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How to Build Your Child’s Self Esteem

How to build your child’s self esteem. Self-esteem is about liking who we are, and how we value ourselves. It is how we perceive our value to the world and how valuable we think we are to others. Self-esteem affects our trust in others, our relationships, our work, and nearly every part of our lives.

For children, it comes from knowing that they’re loved, accepted, secured and that they belong to a family that values them. It’s often been said that children learn what they live.  So if you’re looking for a place to start helping your child build positive self-esteem and self value, then you should show them your positive sense of self and strong self-esteem.  Be positive when you speak about yourself and highlight your strengths. This will teach your child that it’s okay to be proud of their talents, skills and abilities.

“Self-esteem is your child’s passport to a lifetime of mental health and social happiness. It’s the foundation of a child’s well-being and the key to success as an adult. At all ages.” Ask Dr. Sears

Your child also benefits greatly from honest and positive praise.  Find something about them to praise each day.  You could even give your child a task you know they can complete and then praise them for a job well done after they’re finished. Give her/him compliments as often as possible. Whenever they do something right, you can say: “I am very proud of you”, “you are very special”, or “I like the way you have done it”. Show your child that a positive act merits a positive praise.

When your child’s feeling sad, angry or depressed, communicate openly, honestly and patiently with them. Listen to them without judging or criticizing.  They may not fully understand why they feel the way they do, so the opportunity to communicate with you about it may be what’s needed to help them sort through a difficult situation.  Suggest positive behaviours and options as solutions, and make sure to leave that door of communication open so they know the next time they feel badly, they can come to you for help and know that you won’t judge or punish them for how they’re feeling.

“Discipline is helping a child solve a Problem. Punishment is making a child suffer for having a problem. To raise problem solvers, focus on solution not retribution.” ― L.R. Knost

Teach your child a sense of purpose, the importance of setting goals and developing a plan to meet that goal and complete that task. Your child should have goals that give him/her purpose and direction and an avenue for channelling his/her energy toward achievement and self-expression. Small projects are the best to start off with in the beginning.  Ensure that it’s an appropriate task for your child, and not too complex.  Don’t only give praise at the end of the project, but praise their accomplishments during the project as well.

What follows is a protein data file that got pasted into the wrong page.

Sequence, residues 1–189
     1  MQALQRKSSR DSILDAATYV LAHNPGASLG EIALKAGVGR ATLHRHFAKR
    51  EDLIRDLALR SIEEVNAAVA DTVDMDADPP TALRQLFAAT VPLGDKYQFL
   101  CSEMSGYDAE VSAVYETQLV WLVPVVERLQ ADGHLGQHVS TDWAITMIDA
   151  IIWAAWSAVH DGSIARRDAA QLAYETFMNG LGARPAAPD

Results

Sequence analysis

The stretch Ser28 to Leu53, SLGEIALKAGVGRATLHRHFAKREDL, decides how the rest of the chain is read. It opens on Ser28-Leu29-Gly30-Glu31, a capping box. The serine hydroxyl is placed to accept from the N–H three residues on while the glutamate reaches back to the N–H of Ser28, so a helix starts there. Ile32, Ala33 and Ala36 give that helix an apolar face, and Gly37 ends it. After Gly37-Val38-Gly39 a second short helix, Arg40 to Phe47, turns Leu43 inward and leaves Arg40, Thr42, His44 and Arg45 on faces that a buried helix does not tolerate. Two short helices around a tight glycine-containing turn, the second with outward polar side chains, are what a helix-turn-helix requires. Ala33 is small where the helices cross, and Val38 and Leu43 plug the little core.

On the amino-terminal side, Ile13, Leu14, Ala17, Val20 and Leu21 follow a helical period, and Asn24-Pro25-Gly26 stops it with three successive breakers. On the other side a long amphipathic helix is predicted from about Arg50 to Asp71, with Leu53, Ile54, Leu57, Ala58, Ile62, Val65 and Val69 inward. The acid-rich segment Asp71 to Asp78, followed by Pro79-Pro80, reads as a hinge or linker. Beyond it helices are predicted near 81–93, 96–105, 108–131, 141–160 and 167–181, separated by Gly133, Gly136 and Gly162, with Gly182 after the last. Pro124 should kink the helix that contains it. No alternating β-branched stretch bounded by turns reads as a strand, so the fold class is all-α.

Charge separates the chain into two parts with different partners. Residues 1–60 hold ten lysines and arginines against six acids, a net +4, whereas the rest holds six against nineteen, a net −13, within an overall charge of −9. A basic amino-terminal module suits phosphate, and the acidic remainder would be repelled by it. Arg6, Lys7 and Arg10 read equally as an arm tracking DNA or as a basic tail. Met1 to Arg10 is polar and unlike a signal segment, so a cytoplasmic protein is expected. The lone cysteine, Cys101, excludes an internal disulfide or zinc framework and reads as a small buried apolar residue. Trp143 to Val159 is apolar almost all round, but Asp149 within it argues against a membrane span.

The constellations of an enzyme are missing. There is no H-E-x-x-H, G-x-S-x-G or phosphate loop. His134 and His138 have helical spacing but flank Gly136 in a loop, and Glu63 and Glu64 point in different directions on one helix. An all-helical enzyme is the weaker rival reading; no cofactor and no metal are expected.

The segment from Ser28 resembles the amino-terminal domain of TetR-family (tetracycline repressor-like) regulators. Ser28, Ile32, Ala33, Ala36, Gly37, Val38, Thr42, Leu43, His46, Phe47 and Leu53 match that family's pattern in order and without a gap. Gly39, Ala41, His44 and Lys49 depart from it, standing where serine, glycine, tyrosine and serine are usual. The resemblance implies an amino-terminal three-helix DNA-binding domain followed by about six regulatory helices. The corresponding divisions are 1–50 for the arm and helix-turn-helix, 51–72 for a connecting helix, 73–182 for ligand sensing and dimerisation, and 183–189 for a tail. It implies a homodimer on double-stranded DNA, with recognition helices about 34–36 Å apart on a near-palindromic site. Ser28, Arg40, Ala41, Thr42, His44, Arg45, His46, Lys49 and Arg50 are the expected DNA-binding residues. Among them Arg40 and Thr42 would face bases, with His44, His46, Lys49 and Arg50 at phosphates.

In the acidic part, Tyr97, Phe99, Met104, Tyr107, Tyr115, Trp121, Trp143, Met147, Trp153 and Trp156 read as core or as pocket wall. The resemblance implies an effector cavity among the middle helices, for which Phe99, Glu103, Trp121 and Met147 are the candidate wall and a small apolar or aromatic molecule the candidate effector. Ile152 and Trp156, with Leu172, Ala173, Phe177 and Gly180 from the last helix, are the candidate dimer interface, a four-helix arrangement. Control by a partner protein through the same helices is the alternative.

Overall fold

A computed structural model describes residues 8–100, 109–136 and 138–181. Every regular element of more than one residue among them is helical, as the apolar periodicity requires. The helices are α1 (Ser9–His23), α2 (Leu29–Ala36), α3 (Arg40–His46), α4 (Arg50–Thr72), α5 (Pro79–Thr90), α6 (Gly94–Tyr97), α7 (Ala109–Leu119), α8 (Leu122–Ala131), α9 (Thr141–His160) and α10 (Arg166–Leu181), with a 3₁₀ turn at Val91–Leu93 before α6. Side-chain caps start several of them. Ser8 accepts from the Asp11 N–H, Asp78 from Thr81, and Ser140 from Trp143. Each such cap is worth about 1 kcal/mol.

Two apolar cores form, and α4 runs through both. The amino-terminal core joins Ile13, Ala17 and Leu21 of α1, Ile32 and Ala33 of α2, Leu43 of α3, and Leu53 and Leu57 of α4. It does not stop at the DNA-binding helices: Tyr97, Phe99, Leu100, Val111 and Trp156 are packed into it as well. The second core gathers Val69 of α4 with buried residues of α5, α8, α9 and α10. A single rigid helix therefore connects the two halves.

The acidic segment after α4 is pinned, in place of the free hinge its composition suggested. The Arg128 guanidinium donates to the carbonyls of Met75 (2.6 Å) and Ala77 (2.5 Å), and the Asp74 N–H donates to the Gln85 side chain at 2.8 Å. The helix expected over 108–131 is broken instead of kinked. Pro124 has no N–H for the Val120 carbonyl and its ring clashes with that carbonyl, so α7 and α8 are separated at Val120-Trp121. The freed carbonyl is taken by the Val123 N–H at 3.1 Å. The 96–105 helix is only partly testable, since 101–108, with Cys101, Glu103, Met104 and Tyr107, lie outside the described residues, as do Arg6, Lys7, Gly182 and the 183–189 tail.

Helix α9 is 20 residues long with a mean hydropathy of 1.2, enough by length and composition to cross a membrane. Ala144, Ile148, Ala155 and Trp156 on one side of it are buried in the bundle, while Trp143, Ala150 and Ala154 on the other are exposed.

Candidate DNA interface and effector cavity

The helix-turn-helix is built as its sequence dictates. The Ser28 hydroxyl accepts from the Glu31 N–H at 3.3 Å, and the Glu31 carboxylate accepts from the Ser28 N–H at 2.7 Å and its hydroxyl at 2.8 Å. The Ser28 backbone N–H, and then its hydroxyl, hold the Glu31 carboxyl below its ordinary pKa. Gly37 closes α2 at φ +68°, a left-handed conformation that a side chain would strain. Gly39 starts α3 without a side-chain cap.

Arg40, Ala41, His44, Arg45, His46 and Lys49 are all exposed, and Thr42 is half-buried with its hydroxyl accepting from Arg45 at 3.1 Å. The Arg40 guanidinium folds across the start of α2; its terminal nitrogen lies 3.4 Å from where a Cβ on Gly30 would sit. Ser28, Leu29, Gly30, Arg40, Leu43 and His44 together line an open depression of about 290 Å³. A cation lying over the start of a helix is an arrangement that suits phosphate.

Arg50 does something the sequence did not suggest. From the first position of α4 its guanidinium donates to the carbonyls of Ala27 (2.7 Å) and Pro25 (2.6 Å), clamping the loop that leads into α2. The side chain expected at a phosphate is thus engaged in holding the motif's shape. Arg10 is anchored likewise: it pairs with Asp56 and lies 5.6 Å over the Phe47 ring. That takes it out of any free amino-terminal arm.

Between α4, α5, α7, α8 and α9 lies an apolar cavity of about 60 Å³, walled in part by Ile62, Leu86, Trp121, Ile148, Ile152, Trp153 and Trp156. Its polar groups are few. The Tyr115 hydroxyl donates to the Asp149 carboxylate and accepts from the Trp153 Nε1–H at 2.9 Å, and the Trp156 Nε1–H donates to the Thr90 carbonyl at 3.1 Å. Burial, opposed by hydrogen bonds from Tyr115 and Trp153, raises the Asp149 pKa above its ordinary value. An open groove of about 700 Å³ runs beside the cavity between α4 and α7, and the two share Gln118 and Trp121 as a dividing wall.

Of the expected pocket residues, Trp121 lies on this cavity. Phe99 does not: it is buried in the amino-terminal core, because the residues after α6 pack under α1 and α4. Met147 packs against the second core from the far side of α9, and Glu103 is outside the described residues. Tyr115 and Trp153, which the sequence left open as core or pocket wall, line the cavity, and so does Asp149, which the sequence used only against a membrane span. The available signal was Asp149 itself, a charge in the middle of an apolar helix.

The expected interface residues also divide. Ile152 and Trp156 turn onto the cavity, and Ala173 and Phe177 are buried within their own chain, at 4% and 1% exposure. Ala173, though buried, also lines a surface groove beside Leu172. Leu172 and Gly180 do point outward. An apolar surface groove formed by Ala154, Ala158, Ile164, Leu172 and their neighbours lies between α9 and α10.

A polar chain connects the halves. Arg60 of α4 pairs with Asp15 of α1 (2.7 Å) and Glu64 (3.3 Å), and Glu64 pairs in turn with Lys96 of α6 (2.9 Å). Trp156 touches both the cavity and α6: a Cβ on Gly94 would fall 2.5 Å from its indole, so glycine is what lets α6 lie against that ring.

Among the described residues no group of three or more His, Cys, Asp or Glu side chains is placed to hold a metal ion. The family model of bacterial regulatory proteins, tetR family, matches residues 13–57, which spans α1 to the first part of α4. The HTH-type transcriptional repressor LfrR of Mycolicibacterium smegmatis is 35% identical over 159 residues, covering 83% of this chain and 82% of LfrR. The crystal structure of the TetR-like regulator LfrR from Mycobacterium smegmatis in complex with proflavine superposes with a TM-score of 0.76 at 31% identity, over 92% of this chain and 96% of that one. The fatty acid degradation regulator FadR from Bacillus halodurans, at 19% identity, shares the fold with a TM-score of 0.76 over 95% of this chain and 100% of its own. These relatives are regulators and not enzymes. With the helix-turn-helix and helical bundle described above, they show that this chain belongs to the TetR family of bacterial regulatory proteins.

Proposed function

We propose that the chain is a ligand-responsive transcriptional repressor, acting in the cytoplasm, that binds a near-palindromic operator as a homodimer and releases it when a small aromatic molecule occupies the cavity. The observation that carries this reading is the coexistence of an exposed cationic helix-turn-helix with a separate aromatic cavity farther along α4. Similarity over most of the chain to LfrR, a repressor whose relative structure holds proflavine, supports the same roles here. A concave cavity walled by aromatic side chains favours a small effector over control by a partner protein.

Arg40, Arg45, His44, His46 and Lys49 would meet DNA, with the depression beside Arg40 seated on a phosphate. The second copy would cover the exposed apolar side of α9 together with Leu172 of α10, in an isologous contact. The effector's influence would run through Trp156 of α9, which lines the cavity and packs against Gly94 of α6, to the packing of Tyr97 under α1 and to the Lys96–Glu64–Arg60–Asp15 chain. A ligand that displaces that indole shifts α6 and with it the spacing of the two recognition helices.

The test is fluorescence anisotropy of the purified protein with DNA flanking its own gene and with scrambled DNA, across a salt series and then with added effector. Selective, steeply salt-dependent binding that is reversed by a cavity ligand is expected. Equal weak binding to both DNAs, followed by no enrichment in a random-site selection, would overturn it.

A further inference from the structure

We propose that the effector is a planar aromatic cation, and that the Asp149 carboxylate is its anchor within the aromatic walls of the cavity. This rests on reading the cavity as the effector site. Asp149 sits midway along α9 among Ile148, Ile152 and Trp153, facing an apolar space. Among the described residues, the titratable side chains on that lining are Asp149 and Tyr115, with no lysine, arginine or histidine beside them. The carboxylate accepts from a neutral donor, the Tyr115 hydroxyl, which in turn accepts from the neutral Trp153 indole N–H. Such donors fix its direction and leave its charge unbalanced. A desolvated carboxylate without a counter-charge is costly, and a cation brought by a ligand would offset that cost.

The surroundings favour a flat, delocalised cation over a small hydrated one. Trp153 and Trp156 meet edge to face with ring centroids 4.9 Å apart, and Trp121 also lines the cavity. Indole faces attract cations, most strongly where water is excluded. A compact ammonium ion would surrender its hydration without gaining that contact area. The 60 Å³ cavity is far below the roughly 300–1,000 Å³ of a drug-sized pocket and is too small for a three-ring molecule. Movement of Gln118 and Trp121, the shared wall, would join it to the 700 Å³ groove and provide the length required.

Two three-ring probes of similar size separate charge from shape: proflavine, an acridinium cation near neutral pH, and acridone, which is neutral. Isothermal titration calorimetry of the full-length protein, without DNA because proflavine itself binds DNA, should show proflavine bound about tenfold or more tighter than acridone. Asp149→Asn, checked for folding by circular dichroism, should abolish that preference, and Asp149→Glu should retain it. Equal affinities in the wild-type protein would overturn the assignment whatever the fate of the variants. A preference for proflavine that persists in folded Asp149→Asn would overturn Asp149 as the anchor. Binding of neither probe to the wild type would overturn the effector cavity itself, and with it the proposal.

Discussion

“Self-esteem is the real magic wand that can form a child’s future. A child’s self-esteem affects every area of her existence” ― Stephanie Marston

Give your child a sense of responsibility, a chance to show you what he/she is capable of doing. Let him/her to engage in tasks without being checked on all the time. This shows trust on your part, a sense of letting go.

Be proud of your child, and let her/him know that how proud and fortunate you are to be her/his parents. Never compare your child to others saying, “Why aren’t you like Mary?” And when others make such comparisons, make sure that your child knows she/he is special and unique in her/his own way.

Most importantly, tell your child “I love you” each and every day. Show love and affection to your child many times throughout the day, in fact. All our dealings with our children, starting from infancy, should be done with a lot of affection and love. A baby who is dealt with love and affection will get a subconscious feeling that she/he is worthy and important enough to be loved. When they’ve behaved badly or have done something negative, remind yourself that it’s not them you don’t like, only their behaviour. Criticize their actions, not them, say to your child, “You are such a good and special child, you should not be engaging in such an activity,” instead of saying, “you are a bad child”. Tuck short, sweet and loving notes in their lunchboxes or coat pockets, or even send them a card in the mail.  Soon, they’ll learn to say “I love you” just as easily and honestly in return.

“Parents are provided with a unique, never-to-be-repeated opportunity to set up a “self-esteem bank account” in which the child will store many positive things about him or herself. In the years and decades to come, this “bank account” will balance out negative experiences, which are unavoidable”.